Tuesday, December 18, 2012
Q-and-A: All the guys in Blue Man Group are bald, right?
They reveal their wizardry to us just before the Dallas show.
Blue Man Shane Andres is excited to bring a new shade of blue to his home state. Originally from Houston, Andres is one of 35 Blue Men in the troupe, and they perform all over the world. The eclectic ensemble of four very blue dudes invades the Winspear Opera House December 26-30, bringing audiences laughter and song that's appropriate for all ages.
We ask Andres the tough stuff, like how he puts on all that blue. Read on:
Pegasus News: How did you get involved with the show?
Shane Andres: I went to school for drama, as did most of the guys in cast. I attended North Carolina School of the Arts, and when I graduated I moved to L.A., I had never seen the Blue Man Group, but I heard about about the audition so I went for it and got invited to callbacks in New York. Of that group, they chose a few to go into training, which was 8 weeks long.
Blue Man Group is this untraditional, unorthodox theater, so you end up doing things you never thought you’d have to — throwing things, putting things in your mouth. Most of the guys are actors and musicians. I did the show in New York for a while, the show in Boston, the show on a Norwegian cruise line, and, in a couple years, I’m going to be in Orlando.
You’ve been Blue for how many years?
I’ve been with company for 5 years. It has been weird going from a classical theater school where it’s all about dialogue and going into something were all communication is nonverbal.
What kind of experience did you have as a musician before joining the Blue Man Group?
My dad taught me on a drum kit when I was young. He was a drummer himself. I took the typical route of a rock band while I was high school. But I wanted to be an actor. I always thought drums would be a hobby. When I graduated and heard about The Blue Man show, it became this hybrid. The show is very music oriented. We have to constantly improve ourselves musically while silent acting in this vaudevillian/Buster Keaton/Chaplin style.
How many Blue Men are there total?
There are four Blue Men in the touring cast and, in domestic cities such as Las Vegas or Chicago, about six performers in each cast. In the U.S. there are about 35 of us. It’s interesting because people tell us, “Oh, you’re famous!” Really, the character is famous. The creators used to play the Blue Men and, as time progressed, they thought it would probably be a good idea to train someone in case one of them got hurt.
Tell us about the new show coming through Dallas?
We filmed our rock concert tour in Dallas and had good audiences. This is the first time were taking our theatrical show on the road. It’s the best of both shows. The show has to stay current with the times. We have our staple pieces, but we have what we call “refresh material” – taking things of our culture and poking fun at it. The Blue Man takes these objects and things we see every day and turns them upside down and turns them into a science experiment. At the end of the day, I think people like seeing the Blue Man responding to this stuff.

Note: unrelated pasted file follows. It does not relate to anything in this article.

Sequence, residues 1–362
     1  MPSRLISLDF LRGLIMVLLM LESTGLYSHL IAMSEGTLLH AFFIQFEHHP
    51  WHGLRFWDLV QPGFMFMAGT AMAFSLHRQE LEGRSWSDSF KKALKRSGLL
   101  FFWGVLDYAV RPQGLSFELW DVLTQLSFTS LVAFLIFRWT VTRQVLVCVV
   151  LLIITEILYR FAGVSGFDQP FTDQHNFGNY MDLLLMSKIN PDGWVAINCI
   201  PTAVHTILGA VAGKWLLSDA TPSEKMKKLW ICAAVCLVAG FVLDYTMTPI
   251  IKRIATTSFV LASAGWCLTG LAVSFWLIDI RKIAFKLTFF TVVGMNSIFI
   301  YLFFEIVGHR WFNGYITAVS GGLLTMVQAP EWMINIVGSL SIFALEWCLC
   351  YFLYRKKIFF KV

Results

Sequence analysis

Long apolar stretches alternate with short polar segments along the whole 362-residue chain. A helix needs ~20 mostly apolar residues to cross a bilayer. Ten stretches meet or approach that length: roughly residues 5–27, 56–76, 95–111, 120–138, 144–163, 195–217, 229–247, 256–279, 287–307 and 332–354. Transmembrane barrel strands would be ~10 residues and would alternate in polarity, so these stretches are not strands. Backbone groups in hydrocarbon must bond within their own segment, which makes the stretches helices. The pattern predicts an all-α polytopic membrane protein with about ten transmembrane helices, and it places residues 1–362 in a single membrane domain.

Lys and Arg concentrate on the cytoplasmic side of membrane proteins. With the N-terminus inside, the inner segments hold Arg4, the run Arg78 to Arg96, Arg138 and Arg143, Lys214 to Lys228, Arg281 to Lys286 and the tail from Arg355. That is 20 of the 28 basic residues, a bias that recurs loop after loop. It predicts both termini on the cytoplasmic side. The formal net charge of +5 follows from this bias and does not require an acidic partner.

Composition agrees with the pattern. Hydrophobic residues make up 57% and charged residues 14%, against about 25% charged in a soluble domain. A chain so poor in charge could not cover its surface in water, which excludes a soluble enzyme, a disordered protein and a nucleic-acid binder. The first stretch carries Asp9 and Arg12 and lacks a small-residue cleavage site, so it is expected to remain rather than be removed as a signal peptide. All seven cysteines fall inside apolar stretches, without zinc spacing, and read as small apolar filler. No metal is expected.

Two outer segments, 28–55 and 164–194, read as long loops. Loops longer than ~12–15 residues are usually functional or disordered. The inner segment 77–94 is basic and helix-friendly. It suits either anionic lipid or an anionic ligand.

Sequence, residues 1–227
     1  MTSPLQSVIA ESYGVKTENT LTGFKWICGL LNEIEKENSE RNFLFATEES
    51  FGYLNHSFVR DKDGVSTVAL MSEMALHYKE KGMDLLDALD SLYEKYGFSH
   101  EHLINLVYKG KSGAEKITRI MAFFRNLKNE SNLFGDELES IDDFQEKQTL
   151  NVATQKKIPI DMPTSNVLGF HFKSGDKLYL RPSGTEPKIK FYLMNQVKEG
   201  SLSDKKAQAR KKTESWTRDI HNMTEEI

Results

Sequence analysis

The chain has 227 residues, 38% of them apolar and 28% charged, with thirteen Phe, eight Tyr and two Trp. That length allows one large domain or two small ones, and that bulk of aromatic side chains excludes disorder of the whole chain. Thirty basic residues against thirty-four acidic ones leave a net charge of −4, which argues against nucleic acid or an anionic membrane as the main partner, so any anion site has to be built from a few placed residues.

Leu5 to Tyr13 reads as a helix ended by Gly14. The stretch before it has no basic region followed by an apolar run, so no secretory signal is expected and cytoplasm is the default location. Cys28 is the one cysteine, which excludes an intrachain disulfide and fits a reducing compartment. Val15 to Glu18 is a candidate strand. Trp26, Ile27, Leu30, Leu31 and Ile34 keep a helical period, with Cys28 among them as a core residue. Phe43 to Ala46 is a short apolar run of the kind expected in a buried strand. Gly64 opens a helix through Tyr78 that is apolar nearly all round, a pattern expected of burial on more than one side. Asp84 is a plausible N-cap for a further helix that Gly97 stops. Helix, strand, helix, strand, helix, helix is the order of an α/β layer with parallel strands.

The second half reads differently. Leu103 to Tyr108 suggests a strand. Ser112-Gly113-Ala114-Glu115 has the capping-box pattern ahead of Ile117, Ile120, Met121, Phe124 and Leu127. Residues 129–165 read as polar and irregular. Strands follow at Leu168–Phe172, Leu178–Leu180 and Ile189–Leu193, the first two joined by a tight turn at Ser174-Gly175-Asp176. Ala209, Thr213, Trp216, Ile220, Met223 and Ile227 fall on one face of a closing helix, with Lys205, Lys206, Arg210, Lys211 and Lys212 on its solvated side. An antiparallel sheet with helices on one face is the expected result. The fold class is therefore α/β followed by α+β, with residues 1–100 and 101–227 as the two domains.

Why do you think audiences keep coming to see the show?
It allows them to just for a moment drop the daily mask that we wear. We get so caught up in our daily lives, and the show really brings out the inner child in everyone. I like the adults that you see [there]: They have so much of the world on their mind, and for an hour and 30 minutes they smile and laugh and forget about it. The Blue Man character is very simple in his mindset and he’s a trickster and playful. The comedy in the show, it’s so well written, really a testament to the creators, because the show does much of the work for us. It’s classic funny.
I’ve seen a lot of video of Blue Man Group in a natural setting, meaning off stage. How often are you in character?
Occasionally we’ll do what we call a disturbance. One time we went to a frozen yogurt shop, Blue Man style of course. Someone brought up the idea. You know, you can’t go to the mall and be Hamlet; you can’t take the character out of the show and have it relate. Not only does the Blue Man work in the show, take it out the door and people are still curious. In the outside world, he is still curious about restaurants, malls, parks, and the same rules apply. It’s an extension of what we try to accomplish in show – blur the line where the show can exist.
What kind of reaction do you get during a disturbance?
You get a lot of slack jaws because they don’t quite know what’s going on. They wonder, “Are these the real Blue Men? Or are they people with really good costumes pretending to be the Blue Men?” It’s very different from the show. When you enter something guerilla style, people kind of freeze up. At the frozen yogurt shop, we ripped a corkboard off the wall and made a painting out of it. People started smiling once they got past the idea they weren’t being held up.
I have to ask about the costume. Give me a run through of how you get prepared for the show and how long it takes.
It takes about an hour. You could do in half if needed. Basically I put a bald cap on to cover my ears and hair. People are shocked to see we aren’t bald. Then I take grease make-up and start lathering my whole head with it. It’s pretty easy once you get to that process. The make-up is the consistency of Vaseline, so it doesn’t dry. I put on my black suit, boots, gloves, and I’m out the door.
See Andres and his team live December 26-30 in Dallas.
- Joule Hotel expansion brings cocktails, fashion, food to downtown Dallas
- Omni Hotel in Dallas becomes drive-in movie theater for one night
- Photos: Ever seen a bedroom closet with a coffee bar and refrigerator?
- Not-so-polite play Profanity premieres September 10 at Undermain Theatre
- Photos: Oh yes, Dallas has its own Naked Cowboy